Casse Noisette (the Nutcracker) is an annual tradition for shrieking hoardes of ballet-lovers all over the globe. If you want to keep it real, I heartily recommend a Sunday matinée. Here are three reasons why: going to a matinée is a great way to see up-and-coming or under-utilised dancers in solo roles, you can hear some great zingers from the sea of children surrounding you (“LOOK MOM THERE’S PRINCESS JASMINE!” in the Arabian-inspired section is one shining example), Casse Noisette is drenched in holiday anticipation, and the kids in the audience are almost effervescent with it. The excitement feels contagious. After all, Casse Noisette is literally set on Christmas Eve, and peppered with toys, candy, and visual confectionary of every kind.

© Veronyc Vachon
© Veronyc Vachon

The story is not a complex one, which – quite aside from the sugar-coated themes - makes it an ideal choice for a child’s first ballet.

Anyone who has ever seen Casse Noisette will tell you that the first half is slow as molasses, dance-wise, however the “rhubarb-rhubarb” stage talk and campy party jigs are vital to establish who’s who and offer a narrative foundation to the second half.

In case you’ve never seen it (really? seriously?) here's a brief synopsis: on Christmas Eve, the Stalbaum family hosts a party for their friends and family. Their daughter, Clara, is given a nutcracker doll from her godfather, Herr Drosselmeyer. Her brother Fritz wants to play with it too and the toy is broken in the ensuing fight. Clara is heartbroken and goes back to the living room after the guests have gone home to check on her toy. She falls asleep on the chaise longue with her nutcracker tucked under one arm, when suddenly she’s woken up by a small army of mice and rats, whom she helps defeat. Dr Drosselmeyer rewards her by transforming the nutcracker into a real prince, who in turn takes her to the Land of Snow and the Kingdom of Sweets.

For parents, Casse Noisette involves answering many many whispered questions. So many questions. From my five year old co-critic, I fielded the following within the first thirty minutes: “Is it real snow?” / “Why can he do magic?” / “Where’s the Mouse King?” / “Is it the end of the show yet?” Act II is when the real dancing begins; the pinnacle of which is, of course, the Sugar Plum Fairy’s variation. So what makes a good Sugar Plum Fairy? She must be authoritative, radiant and delicate in equal parts. Sugar Plum’s overarching brand identity is “regal.” Lev Ivanov’s original choreography is the blueprint for most contemporary Sugar Plums, but each dancer must put her own individual stamp on it. From a technical point of view, the choreography demands control and maturity, and the repetitive combinations of piqués, dévelopés and pas de chats should come off as precise and neat, yet should travel. The challenge is finishing crisply after a dizzying series of posés turns, which Les Grands Ballets' statuesque Anya Nesvitaylo accomplished ably.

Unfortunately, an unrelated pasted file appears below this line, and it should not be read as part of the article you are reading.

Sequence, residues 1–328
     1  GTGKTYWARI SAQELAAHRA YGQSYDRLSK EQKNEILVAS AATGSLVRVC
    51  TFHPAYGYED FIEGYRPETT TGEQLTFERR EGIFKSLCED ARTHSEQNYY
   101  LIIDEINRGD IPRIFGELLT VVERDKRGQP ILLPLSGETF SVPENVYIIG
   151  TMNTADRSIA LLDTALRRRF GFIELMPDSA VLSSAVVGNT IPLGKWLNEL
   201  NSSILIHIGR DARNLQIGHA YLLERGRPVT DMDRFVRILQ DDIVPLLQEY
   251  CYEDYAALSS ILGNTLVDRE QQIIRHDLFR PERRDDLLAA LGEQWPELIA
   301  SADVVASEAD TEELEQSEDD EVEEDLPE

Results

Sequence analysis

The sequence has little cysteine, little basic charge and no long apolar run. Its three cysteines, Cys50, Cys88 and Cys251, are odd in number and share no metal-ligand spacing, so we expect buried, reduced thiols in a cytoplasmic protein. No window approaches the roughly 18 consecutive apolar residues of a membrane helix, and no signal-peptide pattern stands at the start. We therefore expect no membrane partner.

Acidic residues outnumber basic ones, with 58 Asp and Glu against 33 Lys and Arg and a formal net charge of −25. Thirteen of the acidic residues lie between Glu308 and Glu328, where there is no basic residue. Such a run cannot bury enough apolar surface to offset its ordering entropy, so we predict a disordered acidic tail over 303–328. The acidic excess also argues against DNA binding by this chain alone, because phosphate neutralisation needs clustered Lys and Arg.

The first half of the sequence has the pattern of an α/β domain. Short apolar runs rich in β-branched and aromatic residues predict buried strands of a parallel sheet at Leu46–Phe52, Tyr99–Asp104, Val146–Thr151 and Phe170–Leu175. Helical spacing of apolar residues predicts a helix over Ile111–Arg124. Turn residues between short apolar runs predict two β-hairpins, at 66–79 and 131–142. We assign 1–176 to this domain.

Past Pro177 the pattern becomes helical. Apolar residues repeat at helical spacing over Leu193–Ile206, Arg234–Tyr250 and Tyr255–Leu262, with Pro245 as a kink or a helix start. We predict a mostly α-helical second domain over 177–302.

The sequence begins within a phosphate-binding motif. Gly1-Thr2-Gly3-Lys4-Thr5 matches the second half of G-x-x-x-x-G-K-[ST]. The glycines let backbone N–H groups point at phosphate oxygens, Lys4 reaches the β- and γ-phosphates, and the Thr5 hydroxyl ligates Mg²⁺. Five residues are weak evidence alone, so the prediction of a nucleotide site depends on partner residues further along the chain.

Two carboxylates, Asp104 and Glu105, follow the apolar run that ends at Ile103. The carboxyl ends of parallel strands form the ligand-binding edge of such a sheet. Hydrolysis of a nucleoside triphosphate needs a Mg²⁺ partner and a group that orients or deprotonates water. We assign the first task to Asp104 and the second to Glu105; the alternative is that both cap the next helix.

© Veronyc Vachon
© Veronyc Vachon

The Sugar Plum Fairy's variation comes on after a pretty fabulous Spanish section (Emma Garau Cima brings a little Kitri-esque magic to her épaulement, and Andrew Wright and Hamish Nieh are very solid). The Russian section (Trepak Ivan) is danced by the energetic, cherubically-coiffed Celestin Boutin. It’s a perennial crowd-pleaser and Boutin didn’t disappoint. The Dew Drops held their own, with the three ladies (Sarah Kingston with Vera Kvarcakova and Anna Ishii) executing near-perfect fouettés and precise ports de bras. Kiara Felder shone in her Waltz of the Flowers solo. She has lovely stage presence and a well-balanced approach to the choreography.

It bears pointing out that the Chinese Tea and Arabian Coffee sections (in this production simply labelled ‘The Oriental’ and ‘The Chinese’) feel a little ethnically problematic for modern sensibilities. The Chinese is three finger-wagging East Asian caricatures and the Oriental brings to mind the kind of slinky harem-esque exoticism of Ingres and Bellini. It’s an issue faced by ballet companies all over the world. What to do with the cultural imperialism of the Nutcracker? It’s certainly no fault of the dancers of Les Grands Ballets, who in this case handled the material with as much integrity as they could muster. I don’t know the answer to this, but it’s something the dance world needs to examine in a little more depth.

Those aside, this was a nicely executed production of a classic favourite in the ballet calendar. I’ll leave the final words to my co-critic: “The mice were funny. The tree grew and grew. Did I like it? Yes.”

***11